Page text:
A Willful Woman…

Thoughts about books from a romance addict.

Dating You, Hating You by Christina Lauren

I’m really squeeing about this book — not just because it’s good, though it is, and not just because the characters are very likeable, though they are. What impressed me the most is how much it just gets right. I’m a fan of the enemies-to-lovers story, but even those who aren’t might like this one.

Starting off, the trajectory is different from the usual instant lust-hate. Evie and Carter meet at a costume party where they’re the only singles — and he just happens to be Harry Potter to her Hermione. “Perfect. I ship it,” says Carter, and so do I. They’re two sweet, funny people who seem made for each other, although the fact that they’re both married-to-their-jobs Hollywood talent agents is a little concerning. But before their relationship has gotten further than dinner and making out, Carter’s company is suddenly bought by Evie’s… and the two of them are informed that there might only be one job between them.

What follows is the more typical competition story — defensiveness leading to anger leading to some nasty tricks. But though both somewhat enjoy their sparring, there’s something serious underneath the situation: Evie is being screwed over. And Carter is too good a man not to eventually realize it. So the pranks are a fairly small part of the story and never get truly nasty. And they would both much rather be lovers than fighters. There’s no hate sex, by the way, and though I love me some hate sex, I think that was a good call in this case. It’s also lighter on the steam than previous Lauren books, which I also appreciate. There’s still sex, and it’s plenty hot, but it takes up considerably fewer pages.

I was disappointed in the ending, which I felt took an easy way out rather than having to deal with the genuine difficult issue of sexism in the workplace. Also, it turned into a caper plot, which just rubs the falseness in. But the rest of the book, though often lighthearted, is pretty realistic and takes the subject matter seriously, and there was a part of me that — ever since Practice Makes Perfect —  was just crying out to see that in this kind of romance.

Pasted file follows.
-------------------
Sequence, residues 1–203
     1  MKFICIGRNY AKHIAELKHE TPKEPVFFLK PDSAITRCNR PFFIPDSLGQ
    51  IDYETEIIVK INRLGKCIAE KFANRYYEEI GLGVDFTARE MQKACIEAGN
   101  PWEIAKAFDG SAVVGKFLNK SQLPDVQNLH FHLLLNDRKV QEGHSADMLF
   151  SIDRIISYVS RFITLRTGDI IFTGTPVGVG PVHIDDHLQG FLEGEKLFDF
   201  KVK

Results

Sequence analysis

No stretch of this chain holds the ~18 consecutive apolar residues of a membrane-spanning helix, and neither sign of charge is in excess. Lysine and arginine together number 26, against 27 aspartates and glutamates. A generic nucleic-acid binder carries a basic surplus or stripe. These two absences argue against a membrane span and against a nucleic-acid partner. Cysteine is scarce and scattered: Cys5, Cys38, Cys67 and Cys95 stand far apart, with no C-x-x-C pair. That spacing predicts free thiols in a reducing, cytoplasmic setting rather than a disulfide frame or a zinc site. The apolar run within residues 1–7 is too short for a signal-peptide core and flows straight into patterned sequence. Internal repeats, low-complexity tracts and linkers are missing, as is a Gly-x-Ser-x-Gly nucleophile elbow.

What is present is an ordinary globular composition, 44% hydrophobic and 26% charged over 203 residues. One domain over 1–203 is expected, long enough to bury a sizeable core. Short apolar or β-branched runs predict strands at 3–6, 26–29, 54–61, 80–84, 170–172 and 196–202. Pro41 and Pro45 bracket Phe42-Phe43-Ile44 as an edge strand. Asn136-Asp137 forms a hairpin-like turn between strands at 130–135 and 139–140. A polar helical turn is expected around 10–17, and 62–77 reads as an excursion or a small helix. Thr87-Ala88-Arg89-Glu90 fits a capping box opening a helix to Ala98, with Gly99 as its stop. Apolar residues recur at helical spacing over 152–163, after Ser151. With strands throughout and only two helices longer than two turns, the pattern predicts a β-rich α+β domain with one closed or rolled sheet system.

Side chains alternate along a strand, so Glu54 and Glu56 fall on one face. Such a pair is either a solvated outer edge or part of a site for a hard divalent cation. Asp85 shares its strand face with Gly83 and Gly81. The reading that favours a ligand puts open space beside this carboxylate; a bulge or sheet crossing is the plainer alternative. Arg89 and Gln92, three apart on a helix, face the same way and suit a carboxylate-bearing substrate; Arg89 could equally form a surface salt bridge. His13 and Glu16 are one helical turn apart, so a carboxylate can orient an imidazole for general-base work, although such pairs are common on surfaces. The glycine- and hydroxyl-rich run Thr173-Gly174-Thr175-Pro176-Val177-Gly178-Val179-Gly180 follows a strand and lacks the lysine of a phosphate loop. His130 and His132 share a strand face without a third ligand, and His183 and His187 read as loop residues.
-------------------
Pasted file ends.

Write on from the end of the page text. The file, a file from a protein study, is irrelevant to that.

6 Comments »

Gentle on My Mind by Susan Fox

After I wrote about The Heart of Christmas, SuperWendy recommended this as a story in which pregnancy options are given serious consideration. And curse you, Wendy, for turning me on to a new author! Like I needed that!

There will be some spoilers here, but nothing that’s not pretty guessable.

For a mainstream romance, this takes a few risks. The heroine Brooke is a recovering alcoholic, has bipolar disorder, is quite a bit older than the hero, was a terrible mom(!), and — rarest of all — is a grandmother! Although she got pregnant when she was 14, so she’s only a 43 year old grandmother. And did I get tired of hearing her talk about being a grandmother as if that meant she was never allowed to have sex again.

We meet her after she’s turned her life around and reestablished a relationship with her son. (The hero of Home on the Range.) Maintaining her sobriety, her mental health, and her respectability — in a town that expects her to fall off the wagon at any moment — is all important to her. And then a guy with a bullet in him crashes his motorcycle into her fence.

I’m not going to go much into the plot, which has a suspense element but isn’t really romantic suspense. The interesting part for me was, as Wendy mentioned, the fact that Brooke accidentally gets pregnant and actually spends some time pondering her options, especially in light of her need for medication. That’s very, very rare in romance — perhaps even more than a grandmother heroine — and I appreciated seeing it.

The story did get into some personal pet peeve territory. Despite all the risks that she’s well aware of — her age, her mental illness, having to go off her medication  — Brooke never really considers how she’ll cope with being a single mother except in the most general and rosy terms. For example, her plan is to take the baby to work with her. Leaving aside the fact that she works in a beauty salon, that is something that is just not going to work with every baby, especially if that baby turns out to have special needs.

I also laughed out loud when Brooke worries that Jake will be bored with her quiet life and he replies, “I bet it’s hard to be bored when there’s a kid around.” Oh sweet naivete…

But it’s quite an enjoyable story, and definitely not cookie cutter.

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